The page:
From 1919 each amt was renamed a fylke (plural fylke(r)) (county) and the amtmann was now titled fylkesmann (county governor).

The county numbers are from the official numbering system ISO 3166-2:NO, which originally was set up to follow the coastline from the Swedish border in the southeast to the Russian border in the northeast, but with the numbering has changed with county mergers. The number 13, 16 and 17 were dropped, and the number 50 was added to account for changes over the years. The lack of a county number 13 is due to the city of Bergen no longer being its own county, and is unrelated to fear of the number 13.

In 2018, Sør-Trøndelag was merged with Nord-Trøndelag into the new county of Trøndelag, and several followed.

ISO-codeCountyAdministrative centreArea (km2)Population (2016)County
after 1 January 2020
01Ostfold vapen.svg  Østfold Sarpsborg 4,180.69290,412 Viken vapen.svg Viken
02Akershus vapen.svg  Akershus Oslo 4,917.94596,704
06Buskerud vapen.svg  Buskerud Drammen 14,910.94278,028
03Insigne Anslogae.svg  Oslo City of Oslo 454.07660,987 Insigne Anslogae.svg Oslo
04Hedmark vapen.svg  Hedmark Hamar 27,397.76195,443 Innlandet vapen.svg Innlandet
05Oppland vapen.svg  Oppland Lillehammer 25,192.10188,945
07Vestfold vapen.svg  Vestfold Tønsberg 2,225.08245,160 Vestfold og Telemark vapen.svg Vestfold og Telemark
08Telemark vapen.svg  Telemark Skien 15,296.34172,527
09Aust-Agder vapen.svg  Aust-Agder Arendal 9,157.77115,873 Agder vapen.svg Agder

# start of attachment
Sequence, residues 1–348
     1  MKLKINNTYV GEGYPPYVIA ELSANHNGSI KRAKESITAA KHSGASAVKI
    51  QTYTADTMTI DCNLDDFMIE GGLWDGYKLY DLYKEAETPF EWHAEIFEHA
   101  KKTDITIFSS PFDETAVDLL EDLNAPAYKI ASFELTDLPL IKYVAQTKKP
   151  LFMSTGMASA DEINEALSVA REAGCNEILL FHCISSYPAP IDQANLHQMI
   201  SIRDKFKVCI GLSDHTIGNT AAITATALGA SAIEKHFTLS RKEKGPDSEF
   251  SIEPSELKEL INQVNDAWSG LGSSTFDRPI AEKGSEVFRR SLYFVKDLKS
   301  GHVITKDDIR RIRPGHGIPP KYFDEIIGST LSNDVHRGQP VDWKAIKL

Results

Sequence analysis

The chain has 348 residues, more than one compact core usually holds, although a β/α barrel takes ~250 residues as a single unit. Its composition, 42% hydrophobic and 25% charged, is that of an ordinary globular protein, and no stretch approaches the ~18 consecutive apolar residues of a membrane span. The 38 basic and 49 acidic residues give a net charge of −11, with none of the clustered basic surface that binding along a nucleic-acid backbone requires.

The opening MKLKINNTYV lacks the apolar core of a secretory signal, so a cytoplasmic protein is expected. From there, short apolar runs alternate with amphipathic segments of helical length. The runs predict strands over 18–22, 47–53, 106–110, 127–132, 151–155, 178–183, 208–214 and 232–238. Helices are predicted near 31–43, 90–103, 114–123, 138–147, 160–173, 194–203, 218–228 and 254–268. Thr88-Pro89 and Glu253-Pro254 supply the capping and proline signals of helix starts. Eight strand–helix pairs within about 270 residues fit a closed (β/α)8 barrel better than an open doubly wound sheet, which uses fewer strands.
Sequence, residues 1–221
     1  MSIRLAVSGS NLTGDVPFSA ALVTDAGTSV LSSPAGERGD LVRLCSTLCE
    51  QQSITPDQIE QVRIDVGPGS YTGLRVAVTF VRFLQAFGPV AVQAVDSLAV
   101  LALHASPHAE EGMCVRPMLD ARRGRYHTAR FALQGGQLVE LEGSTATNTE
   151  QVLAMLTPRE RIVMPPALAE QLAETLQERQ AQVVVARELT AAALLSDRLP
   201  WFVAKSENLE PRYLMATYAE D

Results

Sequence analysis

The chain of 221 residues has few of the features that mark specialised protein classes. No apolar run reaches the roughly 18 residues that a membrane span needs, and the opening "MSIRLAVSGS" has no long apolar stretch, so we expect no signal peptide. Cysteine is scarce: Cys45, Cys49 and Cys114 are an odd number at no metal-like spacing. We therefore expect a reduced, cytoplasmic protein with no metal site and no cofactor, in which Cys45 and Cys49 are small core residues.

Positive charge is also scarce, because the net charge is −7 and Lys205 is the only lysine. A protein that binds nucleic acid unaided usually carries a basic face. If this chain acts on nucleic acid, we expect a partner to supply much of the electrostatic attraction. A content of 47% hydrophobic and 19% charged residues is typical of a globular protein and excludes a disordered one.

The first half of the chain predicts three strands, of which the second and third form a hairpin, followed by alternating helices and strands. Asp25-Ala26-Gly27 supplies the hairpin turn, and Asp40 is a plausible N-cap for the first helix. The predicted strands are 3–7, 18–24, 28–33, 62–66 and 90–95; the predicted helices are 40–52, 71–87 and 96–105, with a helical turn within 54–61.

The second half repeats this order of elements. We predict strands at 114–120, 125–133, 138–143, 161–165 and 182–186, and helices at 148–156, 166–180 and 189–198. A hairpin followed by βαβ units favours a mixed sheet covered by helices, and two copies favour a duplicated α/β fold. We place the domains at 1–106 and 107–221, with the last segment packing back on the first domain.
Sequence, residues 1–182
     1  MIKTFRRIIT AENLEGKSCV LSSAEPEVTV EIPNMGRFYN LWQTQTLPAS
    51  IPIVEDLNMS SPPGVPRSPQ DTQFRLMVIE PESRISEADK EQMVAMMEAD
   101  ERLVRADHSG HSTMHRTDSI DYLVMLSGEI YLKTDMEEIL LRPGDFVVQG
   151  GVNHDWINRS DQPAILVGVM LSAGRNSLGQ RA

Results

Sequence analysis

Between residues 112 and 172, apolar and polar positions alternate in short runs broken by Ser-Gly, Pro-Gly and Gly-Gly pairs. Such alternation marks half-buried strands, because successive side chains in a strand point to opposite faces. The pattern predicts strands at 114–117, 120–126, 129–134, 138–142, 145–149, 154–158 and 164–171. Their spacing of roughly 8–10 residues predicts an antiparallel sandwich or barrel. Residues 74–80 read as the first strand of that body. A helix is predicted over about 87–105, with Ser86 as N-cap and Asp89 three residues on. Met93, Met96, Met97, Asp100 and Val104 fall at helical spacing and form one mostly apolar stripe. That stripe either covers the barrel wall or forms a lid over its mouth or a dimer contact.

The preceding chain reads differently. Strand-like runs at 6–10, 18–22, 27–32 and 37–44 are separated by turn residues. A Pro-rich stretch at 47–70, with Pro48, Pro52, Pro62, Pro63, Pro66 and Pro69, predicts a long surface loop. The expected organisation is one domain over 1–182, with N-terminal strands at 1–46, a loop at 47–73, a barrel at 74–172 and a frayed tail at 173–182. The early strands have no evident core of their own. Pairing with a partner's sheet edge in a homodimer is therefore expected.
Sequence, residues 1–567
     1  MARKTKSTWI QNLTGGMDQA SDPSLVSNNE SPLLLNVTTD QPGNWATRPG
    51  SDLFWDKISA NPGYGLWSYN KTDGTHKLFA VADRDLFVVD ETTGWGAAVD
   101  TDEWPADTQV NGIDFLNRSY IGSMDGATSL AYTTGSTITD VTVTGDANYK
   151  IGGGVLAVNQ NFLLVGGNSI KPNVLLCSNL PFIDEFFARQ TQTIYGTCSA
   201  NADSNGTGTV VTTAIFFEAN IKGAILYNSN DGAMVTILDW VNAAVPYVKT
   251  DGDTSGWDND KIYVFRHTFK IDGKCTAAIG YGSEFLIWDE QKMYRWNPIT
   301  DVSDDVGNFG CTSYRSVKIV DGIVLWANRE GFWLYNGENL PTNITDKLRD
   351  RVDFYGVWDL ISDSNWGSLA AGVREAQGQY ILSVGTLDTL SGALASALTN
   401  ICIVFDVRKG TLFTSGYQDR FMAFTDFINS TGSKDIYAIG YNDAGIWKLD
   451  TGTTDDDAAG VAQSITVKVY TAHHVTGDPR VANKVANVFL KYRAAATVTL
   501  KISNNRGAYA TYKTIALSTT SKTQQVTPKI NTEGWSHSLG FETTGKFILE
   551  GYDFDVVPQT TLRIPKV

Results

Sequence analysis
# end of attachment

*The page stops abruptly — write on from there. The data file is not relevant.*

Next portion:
10Vest-Agder vapen.svg  Vest-Agder Kristiansand 7,276.91182,922
11Rogaland vapen.svg  Rogaland Stavanger 9,375.97470,907 Rogaland vapen.svg Rogaland
12Hordaland vapen.svg  Hordaland Bergen 15,438.06517,601 Vestland vapen.svg Vestland
13Not in use from 1972 and onwards [lower-alpha 1]
14Sogn og Fjordane vapen.svg  Sogn og Fjordane Hermansverk 18,623.41109,623
15More og Romsdal vapen.svg  Møre og Romsdal Molde 15,101.39265,181 More og Romsdal vapen.svg Møre og Romsdal
16Not in use from 2018 and onwards [lower-alpha 2]
17Not in use from 2018 and onwards [lower-alpha 2]
18Nordland vapen.svg  Nordland Bodø 38,482.39241,948 Nordland vapen.svg Nordland
19Troms vapen.svg  Troms Tromsø 25,862.91164,613 Coat of arms of Finnmark county and Troms county.svg Troms og Finnmark
20Finnmark vapen.svg  Finnmark Vadsø 48,631.0475,886
50Trondelag vapen.svg  Trøndelag [lower-alpha 2] Steinkjer [lower-alpha 3] 41,254.29450,496 Trondelag vapen.svg Trøndelag
  1. Formerly used for Bergen county, merged into Hordaland on 1 January 1972
  2. 1 2 3 Formerly used for Nord-Trøndelag (#17) and Sør-Trøndelag (#16) counties, merged as Trøndelag on 1 January 2018
  3. Steinkjer is the administrative centre, but the county mayor is seated in Trondheim. Steinkjer and Trondheim are sometimes named as co-capitals

Fylke (3rd period)

In 2017 the Norwegian government announced the merge of the existing 19 fylker into 11 new fylker by 2020. As a result, several government tasks will be transferred to the new regions. [10]

New fylker

See also

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  5. Christian III, king of Denmark-Norway, carried out the Protestant Reformation in Norway in 1536.
  6. Kavli, Guthorm (1987). Norges festninger. Universitetsforlaget. ISBN   82-00-18430-7.
  7. Jesperson, Leon (Ed.) (2000). A Revolution from Above? The Power State of 16th and 17th Century Scandinavia. Odense University Press. ISBN   87-7838-407-9.CS1 maint: extra text: authors list (link)